For 3: discovery and rediscovery
I’ve managed to have conversations with people I am acquainted with through our various circles, but have never actually met or spoken to in the flesh. I think this is great! Then it means when I do actually meet them at, say, a conference, we already kind of know one another.

And as well as my close friends, I have also reconnected with loads of old friends. In some cases it’s great to find them again. In others, it’s more of a ‘hey!’ kind of response, not implying that we’re ever going to be close mates again but just acknowledging that we have shared history and we remember each other fondly.

Against 3: discovery and rediscovery
Then sometimes people track you down who you’d prefer never to know again. Hello, ‘ignore’ button! Still…it seems a bit harsh. Maybe only to me. Arg! This shouldn’t be a dilemma!

At least with Facebook you don’t get the sleazy Myspace pick-up messages from random guys who think you look ‘HOT’.

For/Against undecided: design
Myspace is a nightmare wrapped in a migraine. Some people manage to have classy-looking Myspace pages. Most don’t. Facebook, on the other hand, has a clean, simple design. People still manage to clutter it up with all sorts of crap, but at least it won’t cause you to fall to the floor in an epileptic fit every time the page loads.

For 4: status updates
I love Facebook status updates. I love seeing the silly things people write. It gives me a tiny glimpse into peoples’ days and mindsets and often makes me laugh.

Against 4: the Pandora’s Box effect
Sometimes, by reading Facebook’s news feed (the page that shows all your friends’ updates, so you can see what everyone’s been up to), you find yourself inadvertently learning things about people that you didn’t want to know, or seeing your ex’s name crop up and being unable to resist the urge to click on it.

For 5: Facebook apps
Timewasters galore, but some can be quite fun. I like it when people send me eggs that hatch into things. I like throwing sheep at people. Also, I have learned heaps about geography since playing with the Traveller IQ app.

Against 5: egocentricity and the resultant paranoia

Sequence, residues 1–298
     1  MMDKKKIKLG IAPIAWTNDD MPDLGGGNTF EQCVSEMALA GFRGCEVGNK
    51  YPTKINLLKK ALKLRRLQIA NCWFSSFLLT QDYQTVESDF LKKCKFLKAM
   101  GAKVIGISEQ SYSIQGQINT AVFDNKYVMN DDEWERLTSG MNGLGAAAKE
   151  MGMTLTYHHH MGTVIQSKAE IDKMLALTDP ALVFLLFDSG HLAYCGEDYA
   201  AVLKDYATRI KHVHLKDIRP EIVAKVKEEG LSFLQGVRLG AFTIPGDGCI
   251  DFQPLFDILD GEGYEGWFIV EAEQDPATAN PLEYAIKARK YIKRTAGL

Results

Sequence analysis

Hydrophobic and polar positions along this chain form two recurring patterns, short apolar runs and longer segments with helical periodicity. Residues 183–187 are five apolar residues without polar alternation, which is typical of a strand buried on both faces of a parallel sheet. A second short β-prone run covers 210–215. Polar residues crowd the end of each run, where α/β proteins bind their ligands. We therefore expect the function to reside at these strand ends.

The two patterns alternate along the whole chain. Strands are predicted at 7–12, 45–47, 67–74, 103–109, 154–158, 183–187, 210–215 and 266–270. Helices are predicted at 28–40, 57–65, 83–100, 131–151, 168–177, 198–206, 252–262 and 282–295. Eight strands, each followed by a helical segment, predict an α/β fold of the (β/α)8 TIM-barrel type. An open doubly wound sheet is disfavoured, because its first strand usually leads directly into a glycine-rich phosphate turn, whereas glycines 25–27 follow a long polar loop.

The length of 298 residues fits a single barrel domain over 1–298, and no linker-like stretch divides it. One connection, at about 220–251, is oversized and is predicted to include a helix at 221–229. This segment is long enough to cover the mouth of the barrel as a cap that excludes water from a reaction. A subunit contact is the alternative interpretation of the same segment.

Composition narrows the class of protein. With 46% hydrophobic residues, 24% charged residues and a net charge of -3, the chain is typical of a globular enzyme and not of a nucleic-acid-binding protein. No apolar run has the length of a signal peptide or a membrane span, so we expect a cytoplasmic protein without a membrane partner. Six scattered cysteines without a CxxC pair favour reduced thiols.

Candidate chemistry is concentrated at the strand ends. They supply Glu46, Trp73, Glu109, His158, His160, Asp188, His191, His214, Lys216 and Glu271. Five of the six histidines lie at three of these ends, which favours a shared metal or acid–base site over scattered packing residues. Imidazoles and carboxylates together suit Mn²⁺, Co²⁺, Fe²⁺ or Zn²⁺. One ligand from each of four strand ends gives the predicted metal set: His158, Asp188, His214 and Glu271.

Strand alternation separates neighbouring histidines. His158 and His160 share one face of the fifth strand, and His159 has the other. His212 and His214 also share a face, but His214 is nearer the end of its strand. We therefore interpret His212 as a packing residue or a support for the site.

This kind of ties in to Against 1. There’s been a lot of talk in the Christian blogosphere about Joshua Harris’ (a popular American pastor/writer) experience with Facebook. He is keen to stress that he isn’t against Facebook, but this was just his particular experience of it – he didn’t find it helpful because:

Without any help from the internet I’m inclined to give way too much time to evaluating myself, thinking about myself and wondering what other people think of me. If that egocentrism is a little flame, than Facebook for me is a gasoline IV feeding the fire. I need to grow in self-forgetfulness. I need to worry more about what God is thinking of me. I need to be preoccupied with what he’s written in his word, not what somebody just wrote on my “wall.”

(read the whole post here if you want)

I think I’d be inclined to agree with that, to a point. I still find Facebook a really valuable tool for keeping in touch with people, having a bit of fun, and exploring the potentials of online communities (whether serious or frivolous). I think what it comes down to is moderation, recognising what is unhelpful for me and capitalising on the good things.

So I’ve decided. I am going to close my Myspace account now. I’ll hang on to Facebook but I’ll keep reminding myself that it’s just a medium and relationships are about more than whether or not someone replies to your wall post.